Career Tips from Kathleen: Taking Inventory

Kathleen Garces

After 13 years of working as an accountant for a prestigious company, my friend Jane was laid off.  Although she knew that the company was downsizing, she never expected it to happen to her.  While shocked, she reacted with a sense of relief and was even a bit giddy at the thought of leaving behind her career in accounting.  She felt like a weight had been lifted from her shoulders as she was given ‘permission’ to take a break from working and find a new career.  Her lay-off was the catalyst to get her moving in a new direction.

 Although she was excited at the prospect of entering a new field, Jane felt a bit overwhelmed by what to do next and asked me if I had any advice. This is what I told her:  Take inventory.

 1)    Skills and achievements – Making a list of your transferable skills and the accomplishments that you achieved at your previous job (or jobs) is a great way to protect yourself from getting depressed during this transition in your life.  While Jane felt happy about getting laid off, there was a chance that the high would quickly fade as she found herself without her regular routine and, let’s face it, money.  Keeping up your confidence to pursue something else is key to staying motivated so having the list on hand is beneficial during those low days when you’re wondering what the heck you’re doing.

2)    Values and Interests – By examining what you feel is important in your work, the environment you wish to be employed in, what you makes you happy and where your interests lie, you’ll be able to come to a clearer picture of what kind of jobs or professions are suitable for you.  It’s also a good way of eliminating the ones that don’t fit with your value system or the job and professions that you know you’ll never be happy in.

3)    Goal(s) – Where do you want to be…and when?  By coming up with a goal – whether it’s short or long-term – you can work backwards by creating a plan to move forward.  If you can see where you’d like to be then you can come up with a plan on how to get there.  If you’re new to this, short-term goals are a great way to experiment and build confidence.  For example, creating a list of your skills and accomplishments by next Wednesday is a perfect start and it feels great.  Build on your short-term goals to get to that long-term goal.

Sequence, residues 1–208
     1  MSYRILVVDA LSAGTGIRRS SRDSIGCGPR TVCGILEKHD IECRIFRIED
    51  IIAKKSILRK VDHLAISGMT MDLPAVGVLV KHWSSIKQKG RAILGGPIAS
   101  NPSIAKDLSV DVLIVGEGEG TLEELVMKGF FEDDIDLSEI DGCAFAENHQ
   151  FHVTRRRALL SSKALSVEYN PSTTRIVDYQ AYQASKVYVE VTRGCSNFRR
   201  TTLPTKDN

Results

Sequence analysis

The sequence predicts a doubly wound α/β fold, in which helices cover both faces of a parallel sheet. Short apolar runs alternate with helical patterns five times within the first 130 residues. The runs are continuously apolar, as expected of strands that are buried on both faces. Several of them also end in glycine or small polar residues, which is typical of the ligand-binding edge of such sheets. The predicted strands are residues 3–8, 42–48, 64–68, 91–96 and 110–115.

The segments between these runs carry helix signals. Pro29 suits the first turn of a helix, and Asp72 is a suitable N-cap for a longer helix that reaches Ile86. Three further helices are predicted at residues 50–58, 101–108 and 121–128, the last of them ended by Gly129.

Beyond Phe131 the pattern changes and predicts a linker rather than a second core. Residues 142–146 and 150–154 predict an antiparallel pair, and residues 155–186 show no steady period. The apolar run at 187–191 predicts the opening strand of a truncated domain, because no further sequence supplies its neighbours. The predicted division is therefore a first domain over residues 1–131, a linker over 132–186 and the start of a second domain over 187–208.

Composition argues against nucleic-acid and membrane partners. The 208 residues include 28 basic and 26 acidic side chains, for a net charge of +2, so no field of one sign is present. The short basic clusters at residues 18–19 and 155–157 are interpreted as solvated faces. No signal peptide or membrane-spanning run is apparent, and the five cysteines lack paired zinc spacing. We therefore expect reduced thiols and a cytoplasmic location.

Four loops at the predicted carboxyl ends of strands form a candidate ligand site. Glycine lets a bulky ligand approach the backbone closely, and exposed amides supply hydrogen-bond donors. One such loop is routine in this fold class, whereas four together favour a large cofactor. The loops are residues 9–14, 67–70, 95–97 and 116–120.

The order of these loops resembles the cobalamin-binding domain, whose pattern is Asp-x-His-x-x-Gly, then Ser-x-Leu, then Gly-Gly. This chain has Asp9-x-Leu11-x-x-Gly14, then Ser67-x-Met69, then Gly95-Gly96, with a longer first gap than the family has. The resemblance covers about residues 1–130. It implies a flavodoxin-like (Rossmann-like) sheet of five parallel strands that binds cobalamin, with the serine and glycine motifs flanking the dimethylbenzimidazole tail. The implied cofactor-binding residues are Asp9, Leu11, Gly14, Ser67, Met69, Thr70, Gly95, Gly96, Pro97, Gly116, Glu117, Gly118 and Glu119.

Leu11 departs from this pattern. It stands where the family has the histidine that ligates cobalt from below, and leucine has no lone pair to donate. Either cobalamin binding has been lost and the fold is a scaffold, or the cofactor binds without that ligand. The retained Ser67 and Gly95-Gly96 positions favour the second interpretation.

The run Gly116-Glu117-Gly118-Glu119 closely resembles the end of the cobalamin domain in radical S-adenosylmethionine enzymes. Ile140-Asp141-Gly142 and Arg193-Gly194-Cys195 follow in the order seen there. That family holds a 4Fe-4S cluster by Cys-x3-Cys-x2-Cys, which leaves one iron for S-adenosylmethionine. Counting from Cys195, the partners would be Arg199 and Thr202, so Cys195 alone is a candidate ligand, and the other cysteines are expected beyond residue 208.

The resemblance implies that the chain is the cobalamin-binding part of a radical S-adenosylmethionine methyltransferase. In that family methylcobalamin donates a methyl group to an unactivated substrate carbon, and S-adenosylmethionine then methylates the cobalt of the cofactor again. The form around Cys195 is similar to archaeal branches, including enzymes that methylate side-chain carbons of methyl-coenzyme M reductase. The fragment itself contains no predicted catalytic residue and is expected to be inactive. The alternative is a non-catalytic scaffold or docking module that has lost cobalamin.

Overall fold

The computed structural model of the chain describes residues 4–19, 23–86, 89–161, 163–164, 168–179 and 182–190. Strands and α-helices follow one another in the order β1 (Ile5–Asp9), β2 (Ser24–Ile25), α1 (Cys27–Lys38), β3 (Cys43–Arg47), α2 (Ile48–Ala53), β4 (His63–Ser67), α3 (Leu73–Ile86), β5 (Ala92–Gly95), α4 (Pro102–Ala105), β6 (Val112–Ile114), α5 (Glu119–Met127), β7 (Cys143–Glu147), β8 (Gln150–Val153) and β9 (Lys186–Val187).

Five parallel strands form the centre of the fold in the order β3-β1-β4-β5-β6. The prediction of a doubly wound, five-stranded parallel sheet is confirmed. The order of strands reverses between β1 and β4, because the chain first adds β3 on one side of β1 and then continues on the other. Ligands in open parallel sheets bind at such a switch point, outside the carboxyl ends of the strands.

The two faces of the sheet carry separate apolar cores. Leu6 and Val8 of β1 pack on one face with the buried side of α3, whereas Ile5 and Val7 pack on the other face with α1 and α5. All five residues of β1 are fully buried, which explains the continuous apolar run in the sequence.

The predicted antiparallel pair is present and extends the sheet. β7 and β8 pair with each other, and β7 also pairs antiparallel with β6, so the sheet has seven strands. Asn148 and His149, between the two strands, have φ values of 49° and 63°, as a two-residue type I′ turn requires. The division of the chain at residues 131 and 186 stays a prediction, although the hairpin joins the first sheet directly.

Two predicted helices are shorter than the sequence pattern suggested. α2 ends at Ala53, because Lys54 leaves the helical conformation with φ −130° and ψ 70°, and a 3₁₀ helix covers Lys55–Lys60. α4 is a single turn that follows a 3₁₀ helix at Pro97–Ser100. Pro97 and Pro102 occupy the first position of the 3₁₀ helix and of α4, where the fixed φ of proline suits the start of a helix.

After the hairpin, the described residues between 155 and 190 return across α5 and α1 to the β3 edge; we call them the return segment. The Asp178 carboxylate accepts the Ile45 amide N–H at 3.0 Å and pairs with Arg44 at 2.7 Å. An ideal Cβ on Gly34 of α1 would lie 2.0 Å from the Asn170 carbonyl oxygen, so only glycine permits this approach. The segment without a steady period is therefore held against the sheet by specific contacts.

Jane followed my advice but adapted it to suit her.  She also found it beneficial to contact a career services centre that offered workshops such as Career Exploration and Transitions.  The W.I.S.E. (Women in Successful Employment) program at JVS Toronto offers excellent service for women 25 years and older who are underemployed (or working 20 hours or less).  For more information call 416.682.9095 to sign up for an orientation session.

Comments

  1. The company I work for has been going through lay off’s for the past year, and just announced that more layoffs were inevitable. With this in mind, all I can do is be prepared. I have been reading some great books to help motivate and prepare me… my most recent book is a book written by Jack Hatfield, titled, “Natural Success Principles.” What I like most about this book is that it taught me that I really have it in me to be successful, so I know that whatever happens, I will be Ok- as long as I work hard at it. I have updated my resume so that when and if the time does come I will be ready to jump.